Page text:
Richard Heller: Trump and the American dream that failed millions
American voters have frequently rejected conventional politics and demanded new priorities from their government. The first major example was Andrew Jackson’s election in 1828 (Trump supporters will be no match for Jackson’s at his inauguration: they drank Washington dry in a frenzy of joyous freeloading). In modern times, Ronald Reagan’s election in 1980 has been cited as a precedent for Trump’s.
But compared to Trump, both Jackson and Reagan were political insiders. Trump will be the first American President with no apprenticeship in any political office, or government, or the law or any branch of the military. He is a self-uneducated man, a narcissistic businessman accustomed to instant obedience and an even more narcissistic reality television personality. This is a dangerous psychological preparation for the Presidency. But his voters clearly found his resumé an asset. They wanted a total outsider – to repudiate a political system which treated them as outsiders.
Trump won against the ultimate political insider. He could have defeated no other candidate but Hillary Clinton, product of the mightiest fundraising political machine in American history. Astonishingly, Clinton made the billionaire Trump look like the champion of the little man – and even the little woman.
Trump certainly fed the bitterness and acrimony which has entered American life, the growing intolerance of Americans for other Americans who differ from them politically and culturally. If Trump’s presidency comes unstuck he will almost certainly try to find scapegoats within American society, particularly minorities.
However, America’s friends should be very careful to avoid snobbery about the people who have just chosen Donald Trump. Trump did not win because his supporters were ignorant, racist, sexist bigots. No American candidate can win a majority from such voters.
Trump won because millions of Americans felt cheated of the traditional American dream of bettering themselves and their families through hard work. Many of them live in provincial towns and rural communities which are alien territory to the political class, the media and (clearly) the pollsters.
These are people who have lost secure, well-paying jobs and social status. They have been squeezed by rising costs of housing, healthcare and education, particularly if their children still hope to go to college. Main Street in their local town has lost its familiar landmarks, especially the local businesses which sponsored civic improvements and the Little League baseball team, which gave vacation jobs, and sometimes permanent ones, to their children, and which offered generous credit in tough times.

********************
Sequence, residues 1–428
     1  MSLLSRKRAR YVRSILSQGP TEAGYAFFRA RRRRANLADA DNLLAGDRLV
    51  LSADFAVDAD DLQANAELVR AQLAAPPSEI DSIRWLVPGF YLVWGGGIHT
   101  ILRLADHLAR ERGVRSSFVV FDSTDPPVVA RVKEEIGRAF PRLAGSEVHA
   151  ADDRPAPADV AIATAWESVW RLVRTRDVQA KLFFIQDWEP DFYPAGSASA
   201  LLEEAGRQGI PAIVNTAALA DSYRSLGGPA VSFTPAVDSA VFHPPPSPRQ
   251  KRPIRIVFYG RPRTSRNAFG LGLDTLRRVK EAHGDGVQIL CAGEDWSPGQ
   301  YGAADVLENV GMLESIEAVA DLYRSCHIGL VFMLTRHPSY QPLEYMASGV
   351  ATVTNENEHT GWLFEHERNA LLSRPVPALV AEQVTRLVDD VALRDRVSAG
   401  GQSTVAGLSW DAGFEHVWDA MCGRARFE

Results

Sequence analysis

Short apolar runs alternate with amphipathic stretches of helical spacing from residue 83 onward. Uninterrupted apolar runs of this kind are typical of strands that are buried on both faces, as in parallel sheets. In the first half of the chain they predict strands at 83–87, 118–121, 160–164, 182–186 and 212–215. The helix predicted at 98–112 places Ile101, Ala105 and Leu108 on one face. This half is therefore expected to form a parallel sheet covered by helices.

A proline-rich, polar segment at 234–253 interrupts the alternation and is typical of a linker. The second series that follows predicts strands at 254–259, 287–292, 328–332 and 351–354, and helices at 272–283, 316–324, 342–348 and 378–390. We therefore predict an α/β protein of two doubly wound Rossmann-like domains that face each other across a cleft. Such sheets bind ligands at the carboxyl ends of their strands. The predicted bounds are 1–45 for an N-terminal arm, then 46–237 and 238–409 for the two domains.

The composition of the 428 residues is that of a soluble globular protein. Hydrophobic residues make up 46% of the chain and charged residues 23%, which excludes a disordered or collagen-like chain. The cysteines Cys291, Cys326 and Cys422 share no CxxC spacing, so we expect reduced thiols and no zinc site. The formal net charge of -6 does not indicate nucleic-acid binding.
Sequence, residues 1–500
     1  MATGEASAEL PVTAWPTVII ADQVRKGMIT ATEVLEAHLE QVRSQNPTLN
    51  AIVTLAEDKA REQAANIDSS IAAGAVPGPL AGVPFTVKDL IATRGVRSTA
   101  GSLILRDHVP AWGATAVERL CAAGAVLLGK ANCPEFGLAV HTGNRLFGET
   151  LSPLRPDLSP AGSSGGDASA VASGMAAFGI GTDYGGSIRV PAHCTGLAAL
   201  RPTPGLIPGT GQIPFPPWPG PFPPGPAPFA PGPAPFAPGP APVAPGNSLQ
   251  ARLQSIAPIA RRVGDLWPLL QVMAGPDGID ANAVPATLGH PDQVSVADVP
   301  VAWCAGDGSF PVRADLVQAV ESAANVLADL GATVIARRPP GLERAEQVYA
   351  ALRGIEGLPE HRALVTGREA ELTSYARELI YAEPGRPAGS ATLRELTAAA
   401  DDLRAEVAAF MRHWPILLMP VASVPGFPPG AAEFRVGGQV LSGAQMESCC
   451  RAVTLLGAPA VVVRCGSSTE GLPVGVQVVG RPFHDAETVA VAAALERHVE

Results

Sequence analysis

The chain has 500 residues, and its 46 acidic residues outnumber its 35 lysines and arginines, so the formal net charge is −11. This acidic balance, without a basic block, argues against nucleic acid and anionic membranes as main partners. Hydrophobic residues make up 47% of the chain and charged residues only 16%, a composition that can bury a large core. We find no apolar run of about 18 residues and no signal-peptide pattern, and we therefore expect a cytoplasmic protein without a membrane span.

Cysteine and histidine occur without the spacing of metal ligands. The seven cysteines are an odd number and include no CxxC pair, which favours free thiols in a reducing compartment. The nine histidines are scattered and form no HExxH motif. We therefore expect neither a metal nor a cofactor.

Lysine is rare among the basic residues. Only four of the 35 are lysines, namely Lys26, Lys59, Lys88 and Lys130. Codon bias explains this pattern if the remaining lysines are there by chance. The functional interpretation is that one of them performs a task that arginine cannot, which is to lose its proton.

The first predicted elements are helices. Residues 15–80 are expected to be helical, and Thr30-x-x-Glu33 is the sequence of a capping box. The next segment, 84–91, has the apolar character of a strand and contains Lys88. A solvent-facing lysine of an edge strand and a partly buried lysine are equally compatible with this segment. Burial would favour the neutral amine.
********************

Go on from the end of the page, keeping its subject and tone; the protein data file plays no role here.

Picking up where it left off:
The world has good reasons to be frightened of Trump’s presidency. Many of his declared policies were crazy or unlawful and already retracted (such as the ban on Muslims from entering the United States). But others are still standing, especially the start of a long series of trade wars. Much else, especially on the economy, is a blank.
Trump faces very little constraint. The Republicans control Congress. This means less than it might normally, since Trump is virtually an independent. He ran against the Republican establishment and trounced them. If Congressional Republicans try to shackle him, he could easily denounce them.
However, Republican control of the Senate will help Trump in one vital area: it should approve his choices of Supreme Court justices. This could give the Court a conservative majority (particularly over abortion rights and gun control) for 20 years or more.
For Britain, Trump will be far more sympathetic to Brexit than Clinton and her foreign policy establishment. But this will not extend to any special trade deal unless it is massively favourable to the United States. Trump has already signalled his reluctance to confront Vladimir Putin on behalf of Nato. He seems to regard Putin as a minor business rival who might be open to a deal. If Britain and European countries want to confront Putin they will have to pay for it themselves. Indeed, they may have to get used to a world without American leadership, since Trump is fundamentally not interested in foreign policy.
The crucial constraint on Trump will be the expectations he has raised in his voters. He has to restore to them the American dream. He must deliver them secure, well-paying jobs and rising living standards for their families, and revive the belief that their children will live better than they do.
If Trump fails, voters will turn on him as they have turned on the present establishment, perhaps even more savagely. He will be identified as just another politician and derided as a phoney and a fake.
To avoid this fate, Donald Trump will have to learn very quickly what creates American jobs and what destroys them. He will discover that he cannot risk crashing the world economy. If he avoids that in his first hundred days, he will have a chance and the rest of us can be grateful for small mercies.
Richard Heller was born in the United States and written extensively about American politics. He was formerly chief of staff to Denis Healey.